By George Kimando
Another story you may have heard.
This man had four sons. In a lesson on patience and the essence of seasons to the sons, he sent them on a quest, each in turn, to go and take care of his farm of pear trees that was a great distance away. The first son went during winter, the second in spring, the third in summer, and the youngest son in fall.
When they had all gone and come back, he called them together to describe what they had seen.
The first son said that the trees were ugly, bent, and twisted. The second son disagreed, saying they were covered with green buds and full of promise.
The third gave a different version, explaining the way the pear trees were laden with blossoms that smelled so sweet and looked so beautiful; it was the most graceful thing he had ever seen.
The last son sought to correct all of them, telling them how the fruits were ripe and the farm full of life and promise.
An argument ensued as the old man cut in, “You are all right”.
They fell silent, keen on his explanation.
“You have seen but only one season in the trees’ life”, he told them, “and you cannot judge a tree by a mere season”. He explained to them about the full cycle of the pear tree seasons.
“And that goes for people too”, he continued, “The essence of who they are and the pleasure, joy, and love that come from that life can only be measured when all the seasons are up.”
If you give up when it’s winter, he advised his sons, you will miss the promise of your spring, the beauty of your summer, and the fulfilment of your fall.
While it’s easier said than done, it’s a real pointer to one of the major causes of loss, disappointment and failure: judgement in one season. People are too quick to judge others, ignoring and dismissing them on their seasonal experience.
While the man in the story above was imparting lessons on patience with the self – don’t let the pain of one season destroy the joy of all the rest; don’t judge life by one difficult season; persevere through the difficult patches and better times are sure to come sometime or later – the lessons on how to treat others in their various seasons are not lost.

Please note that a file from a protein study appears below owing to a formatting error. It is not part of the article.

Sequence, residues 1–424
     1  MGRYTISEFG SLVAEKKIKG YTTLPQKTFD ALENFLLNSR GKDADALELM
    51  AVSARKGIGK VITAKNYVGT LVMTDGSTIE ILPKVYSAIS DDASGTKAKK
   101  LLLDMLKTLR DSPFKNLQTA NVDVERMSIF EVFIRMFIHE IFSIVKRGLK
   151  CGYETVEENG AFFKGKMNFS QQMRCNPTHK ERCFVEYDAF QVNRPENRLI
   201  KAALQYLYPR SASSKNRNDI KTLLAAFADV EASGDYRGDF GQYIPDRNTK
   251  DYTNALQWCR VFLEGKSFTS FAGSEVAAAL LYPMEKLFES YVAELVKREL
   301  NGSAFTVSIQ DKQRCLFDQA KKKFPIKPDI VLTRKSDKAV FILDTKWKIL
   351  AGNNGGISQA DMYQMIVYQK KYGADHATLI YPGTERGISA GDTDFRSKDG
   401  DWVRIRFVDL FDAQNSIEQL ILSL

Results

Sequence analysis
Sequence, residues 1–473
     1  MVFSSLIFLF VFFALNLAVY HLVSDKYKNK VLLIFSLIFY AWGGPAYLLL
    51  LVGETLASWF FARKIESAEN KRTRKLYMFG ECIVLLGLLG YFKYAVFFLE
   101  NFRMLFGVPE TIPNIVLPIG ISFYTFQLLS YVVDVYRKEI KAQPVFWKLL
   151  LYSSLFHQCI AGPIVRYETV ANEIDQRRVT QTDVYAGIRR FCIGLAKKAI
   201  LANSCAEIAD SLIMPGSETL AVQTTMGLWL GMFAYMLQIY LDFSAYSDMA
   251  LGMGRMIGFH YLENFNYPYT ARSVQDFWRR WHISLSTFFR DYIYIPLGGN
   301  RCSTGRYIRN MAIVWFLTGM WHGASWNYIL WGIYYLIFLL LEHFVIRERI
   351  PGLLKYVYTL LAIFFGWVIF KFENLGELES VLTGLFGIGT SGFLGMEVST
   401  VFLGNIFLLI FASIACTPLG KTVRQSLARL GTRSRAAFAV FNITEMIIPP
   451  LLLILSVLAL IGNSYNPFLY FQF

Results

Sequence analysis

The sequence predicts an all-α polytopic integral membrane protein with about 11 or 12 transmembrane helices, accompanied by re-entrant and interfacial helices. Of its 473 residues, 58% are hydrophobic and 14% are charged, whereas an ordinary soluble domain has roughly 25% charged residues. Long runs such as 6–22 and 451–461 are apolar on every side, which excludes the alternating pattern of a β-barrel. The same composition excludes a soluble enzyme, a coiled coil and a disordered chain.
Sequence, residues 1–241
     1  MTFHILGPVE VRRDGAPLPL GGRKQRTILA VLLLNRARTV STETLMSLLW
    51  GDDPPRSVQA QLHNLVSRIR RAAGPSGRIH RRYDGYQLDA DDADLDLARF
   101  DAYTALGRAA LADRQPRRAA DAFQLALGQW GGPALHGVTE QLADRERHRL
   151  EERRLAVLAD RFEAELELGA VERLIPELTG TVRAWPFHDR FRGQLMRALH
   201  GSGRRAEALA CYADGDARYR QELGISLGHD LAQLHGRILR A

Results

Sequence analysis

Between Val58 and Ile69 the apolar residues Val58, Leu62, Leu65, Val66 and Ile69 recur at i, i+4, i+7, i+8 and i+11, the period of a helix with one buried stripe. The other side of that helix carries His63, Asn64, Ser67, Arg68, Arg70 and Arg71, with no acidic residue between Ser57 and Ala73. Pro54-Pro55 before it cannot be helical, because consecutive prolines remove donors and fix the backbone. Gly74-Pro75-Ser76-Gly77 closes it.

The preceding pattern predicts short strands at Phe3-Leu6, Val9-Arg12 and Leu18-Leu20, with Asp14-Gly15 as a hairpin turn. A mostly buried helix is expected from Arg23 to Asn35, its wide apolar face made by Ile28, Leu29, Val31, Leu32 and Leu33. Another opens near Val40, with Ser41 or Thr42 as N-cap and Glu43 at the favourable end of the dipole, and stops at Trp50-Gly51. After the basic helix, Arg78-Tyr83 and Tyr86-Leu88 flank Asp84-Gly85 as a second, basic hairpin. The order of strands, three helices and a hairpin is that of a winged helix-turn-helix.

People have lost great opportunities – in potential business, relationships, careers, etc – due to haste in judging others and situations in one particular season.
There are numerous living examples we can cite, some even personal. I won’t go into them.
I guess each one of us has had their moments of seasonally judging others, and even applying labels based on such.
Perhaps what best sums up seasonal judgement is something I recently read, that people will seek to know what you do for a living to determine how much respect you deserve and the importance they attach to any future engagements, if any.
We may not always admit to it, but very many of us are like this, however subtle and modest we play it out.
Can we normalize relating with people as humans first?
This week, consciously and intentionally try these two things: do not ask people you meet what they do for a living, and do not ask where they come from (that tribe thing rings a bell, right?). Just indulge them as they are, and let the details come out by themselves, if they have to.
Have a discernment and wisdom wired Sunday, and a great week ahead.